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The Smart Woman’s Guide to Divorce

5 Important Steps for Mothers

No parent of young children wants to think her marriage could end in divorce. Yet, the statistics are there, and everybody knows that for a variety of reasons, many families are faced with separation and divorce.

If you have any uneasiness about your own situation, or if a separation is imminent, you should take immediate steps to protect yourself and your children. There is a lot to know and understand if you want to go about things the right way, and your attitude and approach can make a big difference. Don’t rely exclusively on feedback from well-meaning friends and family. Every situation is different, and this is where you need good professional advice, knowledge, and a common-sense approach. Don’t let yourself get caught up in hurt and anger or in unrealistic expectations. Your focus needs to be on how to get yourself and your children through a difficult time in the least damaging way, and how to create the best situation and brightest future for your family under the circumstances.

Here are five critical initial steps a woman with children who is facing divorce should take:

1. Consult an established and respected family law attorney early on. Make sure the attorney you consult specializes in custody and divorce matters and can guide you through the process, helping you understand how to go about things in the most productive and affordable way. Find someone who believes that litigation should only be a last resort, and who believes there are a multitude of ways to work things out before going to court.

2. Gather information and documentation to develop an understanding of your family’s finances. A large part of the legal divorce process is the division of assets and debts and the determination of child and/or spousal support. It is necessary to understand and have documents that show what each person’s income is, what the expenses are, what debts there are, and what assets and liabilities there are to be divided. The financial decisions are either made by the court or by the parties if they can agree, but financial information and documentation is necessary regardless of whether the parties make an agreement or go to court for a decision. It is important to develop a financial plan and a budget to see what your needs are and what is going to be affordable.

3. Learn about the divorce process and how it works. There are certain temporary matters that have to be resolved when a couple with children first separates, and then there are longer-term matters to be decided. At first, this can be as basic as who lives in the house, how do the bills and expenses get paid, what happens about health insurance, or how and when do the children spend time with each parent? The long-term matters include a division of assets and liabilities, development of parenting plans, and determination of any child and/or spousal support. Try to keep lines of communication open with your spouse. Take a close look at how agreements can be made through communications using agreement checklists, and, if necessary, through mediation or negotiations.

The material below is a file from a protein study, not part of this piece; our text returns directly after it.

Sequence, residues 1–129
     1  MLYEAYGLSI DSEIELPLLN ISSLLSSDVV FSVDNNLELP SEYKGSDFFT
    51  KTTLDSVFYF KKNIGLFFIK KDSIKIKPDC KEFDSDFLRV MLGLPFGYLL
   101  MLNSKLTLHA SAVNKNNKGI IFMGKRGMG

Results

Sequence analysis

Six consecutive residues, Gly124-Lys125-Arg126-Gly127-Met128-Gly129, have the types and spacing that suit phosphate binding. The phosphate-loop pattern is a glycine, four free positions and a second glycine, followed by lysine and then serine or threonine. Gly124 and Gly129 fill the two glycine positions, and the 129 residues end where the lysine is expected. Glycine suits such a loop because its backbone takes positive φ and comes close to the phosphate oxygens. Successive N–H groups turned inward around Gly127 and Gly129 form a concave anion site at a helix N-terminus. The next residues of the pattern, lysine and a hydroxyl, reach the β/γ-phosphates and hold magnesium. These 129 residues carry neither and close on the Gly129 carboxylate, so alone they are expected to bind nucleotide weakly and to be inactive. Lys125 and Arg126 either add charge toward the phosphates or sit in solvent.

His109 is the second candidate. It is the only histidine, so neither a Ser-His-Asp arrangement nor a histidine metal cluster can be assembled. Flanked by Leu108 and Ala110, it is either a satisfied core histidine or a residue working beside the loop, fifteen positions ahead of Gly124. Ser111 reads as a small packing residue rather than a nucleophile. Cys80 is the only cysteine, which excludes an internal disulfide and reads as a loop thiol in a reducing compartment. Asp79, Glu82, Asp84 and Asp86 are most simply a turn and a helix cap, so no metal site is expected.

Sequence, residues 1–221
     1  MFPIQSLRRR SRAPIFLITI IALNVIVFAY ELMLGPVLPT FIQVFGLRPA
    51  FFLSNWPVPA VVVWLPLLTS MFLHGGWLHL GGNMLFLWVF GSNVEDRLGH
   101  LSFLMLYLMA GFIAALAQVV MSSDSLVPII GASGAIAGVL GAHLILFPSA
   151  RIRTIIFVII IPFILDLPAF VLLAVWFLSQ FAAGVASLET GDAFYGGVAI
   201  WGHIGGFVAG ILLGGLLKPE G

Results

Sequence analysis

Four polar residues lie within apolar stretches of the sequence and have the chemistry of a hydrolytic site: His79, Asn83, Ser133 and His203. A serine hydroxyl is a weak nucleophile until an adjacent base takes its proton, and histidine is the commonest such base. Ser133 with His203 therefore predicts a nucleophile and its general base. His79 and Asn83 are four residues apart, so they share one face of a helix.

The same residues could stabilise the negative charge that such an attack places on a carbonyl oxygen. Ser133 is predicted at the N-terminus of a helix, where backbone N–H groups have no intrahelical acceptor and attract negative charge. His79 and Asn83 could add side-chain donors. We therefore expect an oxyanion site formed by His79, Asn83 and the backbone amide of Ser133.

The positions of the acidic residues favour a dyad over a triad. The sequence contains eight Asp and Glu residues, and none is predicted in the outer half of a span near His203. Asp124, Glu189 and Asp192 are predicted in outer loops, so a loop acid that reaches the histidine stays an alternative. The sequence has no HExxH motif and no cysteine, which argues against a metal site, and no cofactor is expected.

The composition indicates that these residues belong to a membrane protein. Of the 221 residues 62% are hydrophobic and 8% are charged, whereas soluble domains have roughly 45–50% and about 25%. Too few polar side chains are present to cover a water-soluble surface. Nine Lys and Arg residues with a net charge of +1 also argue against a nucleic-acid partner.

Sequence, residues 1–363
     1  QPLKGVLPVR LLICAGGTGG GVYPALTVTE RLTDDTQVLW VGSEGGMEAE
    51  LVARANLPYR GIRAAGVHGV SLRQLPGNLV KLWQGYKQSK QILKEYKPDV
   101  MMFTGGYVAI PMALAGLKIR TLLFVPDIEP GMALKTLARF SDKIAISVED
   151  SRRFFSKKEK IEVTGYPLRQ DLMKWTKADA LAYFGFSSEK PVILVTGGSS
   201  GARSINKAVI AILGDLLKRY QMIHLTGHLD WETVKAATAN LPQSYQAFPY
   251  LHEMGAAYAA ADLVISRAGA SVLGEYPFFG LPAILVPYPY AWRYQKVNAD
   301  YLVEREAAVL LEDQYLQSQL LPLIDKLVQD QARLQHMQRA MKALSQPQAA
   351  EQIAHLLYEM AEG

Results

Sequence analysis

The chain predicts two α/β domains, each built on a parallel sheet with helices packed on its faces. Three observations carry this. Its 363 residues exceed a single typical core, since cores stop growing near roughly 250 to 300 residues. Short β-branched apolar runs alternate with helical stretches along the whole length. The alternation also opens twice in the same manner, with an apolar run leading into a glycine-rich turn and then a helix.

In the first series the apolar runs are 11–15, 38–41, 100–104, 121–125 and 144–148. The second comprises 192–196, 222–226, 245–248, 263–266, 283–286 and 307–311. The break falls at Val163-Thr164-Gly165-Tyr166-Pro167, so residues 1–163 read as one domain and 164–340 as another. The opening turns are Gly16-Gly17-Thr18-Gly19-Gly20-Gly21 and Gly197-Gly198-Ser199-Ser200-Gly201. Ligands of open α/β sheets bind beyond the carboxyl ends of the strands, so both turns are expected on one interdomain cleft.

4. Recognize that children need both parents and that it only hurts the children when parents criticize each other or fight over the children. Your children’s needs must continue to come first. No matter how much you and your spouse may have ill feelings toward each other, it is important not to bad-mouth the other parent or put the children in the middle of your issues. Let adult issues stay between the adults, and don’t ask the children to take sides. Do what is best for your children. Don’t talk about the adult issues in front of the children, as it only hurts them, but give them age-appropriate answers to their questions and encourage the children to talk about their feelings and fears. Stay on the highest plane you can, and let small things go. Even when you have differences, treat each other with dignity and try to engage in a respectful, business-like process of working out the matters that have to be arranged.

5. Be realistic about the need for two homes when parents with children separate. The old saying that “two cannot live as cheaply as one” is true. Recognize that it will cost more to have two households, and it may not be possible to maintain the same lifestyle for yourself and the children when you separate. If you have been a stay-at-home mom, you may need to go back to work. If you need additional skills, you may need to go back to school or seek other training to acquire them. Even if it was agreed that you would be a stay-at-home mom, few families can afford to continue this arrangement when a divorce occurs. Try to figure out a plan that will work for all of you.

When you are going through a divorce or separation, sometimes it is hard to realize you can still have a bright future. If you let your vision of a successful future for yourself and your children guide you and try to make solid decisions rather than feud with your spouse, you will create a better long-term outcome for your family. Don’t let a contested divorce consume your life if you can find a way to engage in a cooperative process to resolve matters.

Phoebe Hall
Phoebe P. Hall is an elder law, estate planning, and family law attorney who has been practicing law since 1969. She is CEO of Hall & Hall, PLC and sits on the board of visitors for Virginia Commonwealth University. A Richmond resident, she has two children and three granddaughters.
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